Pacer boys save best effort for second half
- Bill Stewart
- Lake Oswego Review - Sports
A lot can happen in eight days. Just ask the Lakeridge boys basketball team.
During that time, the Pacers transformed themselves from a team that didn't look comfortable together on the floor to a squad that looks like a bona fide playoff contender.
After beating a tough Tigard team, by a 57-48 score on Tuesday, it's almost hard to believe that the Pacers were barely able to score against Sunset in last week's jamboree.
'It was a big, big win,' Lakeridge coach Dave Nuss said of the Tigard contest. 'For this early in the season, it was a big win.'
But it didn't come easily. The Pacers trailed by 11 points (at 31-20) at halftime, and they faced a 13-point third-quarter deficit before rallying for the victory. The key to the turnaround came when the Pacers scored five points in the final eight seconds of the third quarter.
The mini spurt started when Ben Nelson hit a three-pointer with eight seconds left in the period. Then, Nelson stole a pass near mid-court and quickly hit teammate Josh Little for a lay-up that barely beat the buzzer.
That cut Tigard's lead to 43-37 and left the Pacers with a deficit that was much more manageable.
'That just sort of changed the complexion of the whole game,' Nuss said. 'Then, our guys thought we were in this game.'
As it turned out, the Pacers owned the rest of the game as they outscored the Tigers 20-5 in the final period. Little and Chris Hoch led the charge in that last stanza with eight points each.
'They really stepped it up,' Nuss said of the efforts of Little and Hoch down the stretch.
Little finished as the team's leading scorer with 17 points. Hoch wound up with 12 while hitting all six of his shot attempts. Plus, Tyler Larsen, the team's leading scorer in a pair of games last weekend, had 10 points; and Nelson and Trevan Hertz added seven points each to the cause.
Hoch might have been the Pacers' X factor. He played most of last Saturday's game against Sandy with a sprained ankle. Then, after the ankle stiffened on Sunday, Hoch was forced to the sideline for Monday's practice. That meant he couldn't start Tuesday's game. But when he finally entered the lineup he delivered in a big way.
'He made some big plays for us in the fourth quarter,' Nuss said. 'He was very active and he was finishing inside and getting rebounds.'
Plus, as noted earlier, he hit all six of his shot attempts. Not bad for a guy who was playing injured.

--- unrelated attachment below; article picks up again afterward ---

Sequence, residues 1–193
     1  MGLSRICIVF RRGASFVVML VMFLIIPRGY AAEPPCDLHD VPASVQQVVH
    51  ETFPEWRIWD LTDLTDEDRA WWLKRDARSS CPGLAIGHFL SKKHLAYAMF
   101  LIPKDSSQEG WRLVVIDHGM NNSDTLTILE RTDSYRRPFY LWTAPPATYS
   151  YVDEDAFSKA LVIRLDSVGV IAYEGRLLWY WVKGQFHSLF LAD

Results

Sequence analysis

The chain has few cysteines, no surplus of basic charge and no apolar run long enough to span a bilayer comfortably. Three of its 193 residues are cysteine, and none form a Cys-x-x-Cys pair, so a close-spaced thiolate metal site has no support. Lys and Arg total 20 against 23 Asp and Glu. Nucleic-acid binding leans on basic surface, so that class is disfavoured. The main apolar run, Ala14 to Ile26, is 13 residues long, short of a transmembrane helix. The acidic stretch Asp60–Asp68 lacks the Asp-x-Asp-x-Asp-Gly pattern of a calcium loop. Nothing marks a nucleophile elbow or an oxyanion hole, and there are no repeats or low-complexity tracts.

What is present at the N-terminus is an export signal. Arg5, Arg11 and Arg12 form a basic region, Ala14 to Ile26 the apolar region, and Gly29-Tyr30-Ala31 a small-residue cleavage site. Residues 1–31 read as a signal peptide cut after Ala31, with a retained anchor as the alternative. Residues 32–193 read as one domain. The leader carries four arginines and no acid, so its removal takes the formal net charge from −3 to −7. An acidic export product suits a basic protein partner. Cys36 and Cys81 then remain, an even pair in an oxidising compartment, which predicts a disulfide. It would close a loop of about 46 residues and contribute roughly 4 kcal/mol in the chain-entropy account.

'He said it was a little sore,' Nuss said of Hoch's sprained ankle, 'but you couldn't tell by the way he played.'
Considering the way they played against Sunset last week, the Pacers could have been in trouble against Tigard. Things did look bleak for a while in the first half, and the problems continued in the third quarter when the Tigers turned up the pressure with their full-court press.
'Then, our guys started getting turnovers and we started running our offense better,' Nuss said.
Still, the Pacers could have faced a double-digit deficit heading into the final period if not for the heroics of Nelson and Little. Then, all of the momentum was on Lakeridge's side.
'Old Mo is a nice guy to have on your side,' Nuss said.
The Lakeridge crowd also played a big part in the turnaround. When the Pacers started making their move, their rooters became very vocal and Nuss felt that helped spur his players on.
'That's something we haven't heard in our gym for a while,' Nuss said of the crowd. 'They picked us up … They were awesome.'
The Pacers entered the Tigard game after having split a pair of games at the Aloha tournament last week. They started the tournament off by losing to Franklin 69-56. That loss spoiled a huge game by Larsen.
He finished with 25 points but 20 of those came in the fourth quarter when the Pacers were trying to mount a big rally. Unfortunately, the Pacers had already dug themselves a large hole when they were outscored 23-7 in the first quarter.
'We played much better in the second half but we could never get over the hump,' Nuss said.
That set up a consolation showdown the following day against Sandy. The Pioneers were one of the few teams that Lakeridge was able to dominate last year, and this season's rematch was no exception.
The Pacers set the tone with a 22-9 first-quarter advantage, and they stretched that margin to 16 points by halftime. Sandy was never able to recover after that.
Larsen led the way with a career-best 32 points while Little chipped in 18.
'We came out strong from the get-go,' Nuss said of the Sandy game. 'On defense, we forced lots of turnovers and we had lots of assists (on offense) …. We probably passed the ball better than any team I've ever had.'